“He hit me”. Esther replied,

“What, this young man hit you”?

“Yes, and he was convicted and fined”.

This was the outstanding weakness in the PTS position and whatever he was about to say about me was completely undermined. Esther knew about him because I had sent in the conviction certificate but I was delighted at her brilliance in using the congratulatory term ‘young’ because he wasn’t but then emphasised his willingness to hit an older man. I am surprised he agreed to come on the show but having done so he was so stupid not to have prepared his ground thoroughly. He might have been taken aback at being in denial after just thirty seconds but whatever way out he chose, the agenda would be about him and the programme had achieved its aim – sharp, bitter controversy with the audience, trained and volubly involved vying for more. Confused and flustered PTS reverted to his fall back mode – his hole, then he started digging again – he attacked Esther, the worst possible thing he could do as it turned everyone against him and of course she lapped it up.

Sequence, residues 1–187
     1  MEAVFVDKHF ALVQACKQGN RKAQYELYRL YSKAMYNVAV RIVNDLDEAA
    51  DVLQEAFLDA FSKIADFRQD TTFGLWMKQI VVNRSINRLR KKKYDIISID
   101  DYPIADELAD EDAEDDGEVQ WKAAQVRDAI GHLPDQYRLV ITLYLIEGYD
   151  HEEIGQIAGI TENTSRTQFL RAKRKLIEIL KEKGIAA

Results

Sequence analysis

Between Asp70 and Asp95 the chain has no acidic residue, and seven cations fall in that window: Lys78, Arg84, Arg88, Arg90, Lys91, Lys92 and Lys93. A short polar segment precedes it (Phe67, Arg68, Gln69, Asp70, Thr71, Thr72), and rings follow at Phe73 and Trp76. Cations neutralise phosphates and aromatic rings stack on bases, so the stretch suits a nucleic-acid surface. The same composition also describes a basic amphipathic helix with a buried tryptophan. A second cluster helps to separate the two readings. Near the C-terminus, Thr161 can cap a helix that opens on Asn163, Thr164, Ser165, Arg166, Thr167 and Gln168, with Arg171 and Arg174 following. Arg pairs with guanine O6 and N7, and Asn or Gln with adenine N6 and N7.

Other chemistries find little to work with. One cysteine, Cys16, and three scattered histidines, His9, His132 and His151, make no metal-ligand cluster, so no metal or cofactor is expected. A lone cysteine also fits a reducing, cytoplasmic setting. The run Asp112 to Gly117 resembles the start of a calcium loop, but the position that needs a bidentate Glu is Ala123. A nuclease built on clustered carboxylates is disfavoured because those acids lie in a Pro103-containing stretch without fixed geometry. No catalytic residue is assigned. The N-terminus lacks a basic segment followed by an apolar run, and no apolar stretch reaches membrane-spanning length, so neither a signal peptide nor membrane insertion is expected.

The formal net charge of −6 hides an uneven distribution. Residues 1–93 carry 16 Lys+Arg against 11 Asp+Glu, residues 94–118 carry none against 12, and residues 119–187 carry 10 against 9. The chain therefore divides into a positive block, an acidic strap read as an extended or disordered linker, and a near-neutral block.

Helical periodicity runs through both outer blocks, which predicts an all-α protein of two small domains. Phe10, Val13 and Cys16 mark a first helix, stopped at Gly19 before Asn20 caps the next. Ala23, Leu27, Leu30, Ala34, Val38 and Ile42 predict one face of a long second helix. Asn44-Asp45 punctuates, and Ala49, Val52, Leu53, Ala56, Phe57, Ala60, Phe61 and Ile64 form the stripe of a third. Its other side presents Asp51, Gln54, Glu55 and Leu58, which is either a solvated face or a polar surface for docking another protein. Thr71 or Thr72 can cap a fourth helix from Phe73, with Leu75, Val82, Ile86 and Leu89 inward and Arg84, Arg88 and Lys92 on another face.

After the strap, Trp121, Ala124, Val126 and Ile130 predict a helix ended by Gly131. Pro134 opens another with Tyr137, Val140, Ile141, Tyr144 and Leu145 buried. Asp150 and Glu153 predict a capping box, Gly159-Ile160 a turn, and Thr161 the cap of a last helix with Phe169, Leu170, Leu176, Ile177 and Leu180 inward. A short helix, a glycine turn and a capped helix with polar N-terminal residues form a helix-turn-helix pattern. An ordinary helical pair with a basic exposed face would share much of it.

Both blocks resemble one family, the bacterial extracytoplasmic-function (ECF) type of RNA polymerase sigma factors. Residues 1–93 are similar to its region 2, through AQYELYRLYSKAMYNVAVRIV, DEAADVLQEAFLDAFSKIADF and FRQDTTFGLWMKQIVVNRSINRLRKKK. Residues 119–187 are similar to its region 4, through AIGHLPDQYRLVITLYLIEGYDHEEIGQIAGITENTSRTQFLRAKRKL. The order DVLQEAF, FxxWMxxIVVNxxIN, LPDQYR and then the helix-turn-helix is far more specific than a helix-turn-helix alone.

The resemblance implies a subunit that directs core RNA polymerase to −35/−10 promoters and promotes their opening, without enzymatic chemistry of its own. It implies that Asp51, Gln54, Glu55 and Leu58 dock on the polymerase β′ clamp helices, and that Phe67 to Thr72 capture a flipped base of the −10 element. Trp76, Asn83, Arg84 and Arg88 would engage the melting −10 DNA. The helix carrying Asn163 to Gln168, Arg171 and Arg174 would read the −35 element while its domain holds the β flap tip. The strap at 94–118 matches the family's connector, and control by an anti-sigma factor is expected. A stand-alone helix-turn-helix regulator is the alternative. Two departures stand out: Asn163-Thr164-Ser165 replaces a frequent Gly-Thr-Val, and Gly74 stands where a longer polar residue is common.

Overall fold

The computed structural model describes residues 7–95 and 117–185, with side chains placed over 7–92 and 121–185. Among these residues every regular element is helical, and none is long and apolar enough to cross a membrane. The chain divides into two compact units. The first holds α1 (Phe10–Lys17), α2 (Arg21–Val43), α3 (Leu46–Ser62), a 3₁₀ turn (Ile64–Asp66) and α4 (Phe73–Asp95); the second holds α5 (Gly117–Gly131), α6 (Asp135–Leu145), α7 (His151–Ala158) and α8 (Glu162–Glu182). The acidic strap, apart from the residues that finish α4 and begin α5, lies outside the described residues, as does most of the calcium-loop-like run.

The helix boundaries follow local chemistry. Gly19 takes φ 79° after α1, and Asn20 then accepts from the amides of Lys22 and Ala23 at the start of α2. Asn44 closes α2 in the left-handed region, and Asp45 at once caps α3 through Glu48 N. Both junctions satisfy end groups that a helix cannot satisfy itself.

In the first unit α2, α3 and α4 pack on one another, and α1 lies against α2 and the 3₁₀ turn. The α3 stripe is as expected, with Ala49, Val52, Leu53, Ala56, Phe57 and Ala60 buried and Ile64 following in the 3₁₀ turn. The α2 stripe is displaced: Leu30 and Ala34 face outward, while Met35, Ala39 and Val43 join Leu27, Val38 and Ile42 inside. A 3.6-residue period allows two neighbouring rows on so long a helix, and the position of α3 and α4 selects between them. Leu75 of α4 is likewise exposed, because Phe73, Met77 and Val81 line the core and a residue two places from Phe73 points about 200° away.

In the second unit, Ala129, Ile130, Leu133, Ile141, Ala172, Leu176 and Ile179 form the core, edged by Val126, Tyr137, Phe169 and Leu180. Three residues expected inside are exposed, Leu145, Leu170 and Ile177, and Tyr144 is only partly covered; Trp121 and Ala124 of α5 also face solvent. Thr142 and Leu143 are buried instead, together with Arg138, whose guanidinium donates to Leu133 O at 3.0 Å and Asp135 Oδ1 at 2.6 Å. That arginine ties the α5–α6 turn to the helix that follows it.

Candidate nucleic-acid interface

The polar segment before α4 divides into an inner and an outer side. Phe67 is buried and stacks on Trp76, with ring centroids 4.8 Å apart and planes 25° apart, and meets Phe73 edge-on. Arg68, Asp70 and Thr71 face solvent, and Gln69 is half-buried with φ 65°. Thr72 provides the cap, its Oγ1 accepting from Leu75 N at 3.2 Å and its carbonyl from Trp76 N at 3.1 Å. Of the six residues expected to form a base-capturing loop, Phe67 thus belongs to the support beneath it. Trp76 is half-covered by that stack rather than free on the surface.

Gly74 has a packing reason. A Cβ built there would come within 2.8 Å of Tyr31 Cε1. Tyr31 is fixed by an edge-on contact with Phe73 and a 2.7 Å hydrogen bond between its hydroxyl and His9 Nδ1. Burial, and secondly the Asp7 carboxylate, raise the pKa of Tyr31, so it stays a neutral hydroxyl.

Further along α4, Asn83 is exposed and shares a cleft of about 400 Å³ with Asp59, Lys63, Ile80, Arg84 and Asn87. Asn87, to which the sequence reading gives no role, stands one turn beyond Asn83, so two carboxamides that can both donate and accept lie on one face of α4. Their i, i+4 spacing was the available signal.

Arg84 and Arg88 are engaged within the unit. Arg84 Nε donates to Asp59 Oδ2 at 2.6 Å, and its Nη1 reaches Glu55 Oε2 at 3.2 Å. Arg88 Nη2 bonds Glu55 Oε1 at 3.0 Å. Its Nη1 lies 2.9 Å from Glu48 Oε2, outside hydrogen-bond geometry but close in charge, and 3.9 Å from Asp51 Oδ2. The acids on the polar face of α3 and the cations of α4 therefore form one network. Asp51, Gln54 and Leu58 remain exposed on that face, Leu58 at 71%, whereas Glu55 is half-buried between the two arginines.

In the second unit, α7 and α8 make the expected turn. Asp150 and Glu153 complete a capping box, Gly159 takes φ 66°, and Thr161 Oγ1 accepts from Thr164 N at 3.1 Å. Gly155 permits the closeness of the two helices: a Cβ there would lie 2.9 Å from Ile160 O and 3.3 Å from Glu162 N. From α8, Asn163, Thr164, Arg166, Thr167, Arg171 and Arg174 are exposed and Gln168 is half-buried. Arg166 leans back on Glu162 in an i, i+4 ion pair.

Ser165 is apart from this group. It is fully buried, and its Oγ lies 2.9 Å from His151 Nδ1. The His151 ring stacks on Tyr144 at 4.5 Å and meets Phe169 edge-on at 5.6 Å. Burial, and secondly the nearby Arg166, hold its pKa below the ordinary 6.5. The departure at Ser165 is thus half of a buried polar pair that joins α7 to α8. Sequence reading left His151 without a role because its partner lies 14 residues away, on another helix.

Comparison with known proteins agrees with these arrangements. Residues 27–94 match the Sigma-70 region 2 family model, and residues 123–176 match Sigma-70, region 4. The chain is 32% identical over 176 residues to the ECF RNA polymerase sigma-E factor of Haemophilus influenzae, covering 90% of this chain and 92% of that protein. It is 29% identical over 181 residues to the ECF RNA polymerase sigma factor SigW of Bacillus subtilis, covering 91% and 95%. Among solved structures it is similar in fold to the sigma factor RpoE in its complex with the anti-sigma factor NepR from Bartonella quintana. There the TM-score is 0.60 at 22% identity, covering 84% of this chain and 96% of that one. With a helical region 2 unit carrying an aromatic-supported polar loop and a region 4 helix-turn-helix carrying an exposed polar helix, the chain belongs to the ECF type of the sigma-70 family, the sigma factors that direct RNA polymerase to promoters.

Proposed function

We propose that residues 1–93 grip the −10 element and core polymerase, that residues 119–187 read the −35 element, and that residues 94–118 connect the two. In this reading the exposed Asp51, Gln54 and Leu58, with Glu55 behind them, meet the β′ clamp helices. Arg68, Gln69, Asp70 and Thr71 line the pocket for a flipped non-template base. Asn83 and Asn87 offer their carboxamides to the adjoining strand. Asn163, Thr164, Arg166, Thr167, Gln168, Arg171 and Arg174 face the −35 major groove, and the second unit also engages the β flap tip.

“You have reneged on the conditions on which we agreed to come on this show now the show stop and the recording started again”. He showed the most objectionable side of his nature, body language and rudeness the only side I had experienced. The audience had someone to hate, was hooting and they were not going to have their dear heroine attacked – but they loved it all the same. Esther said,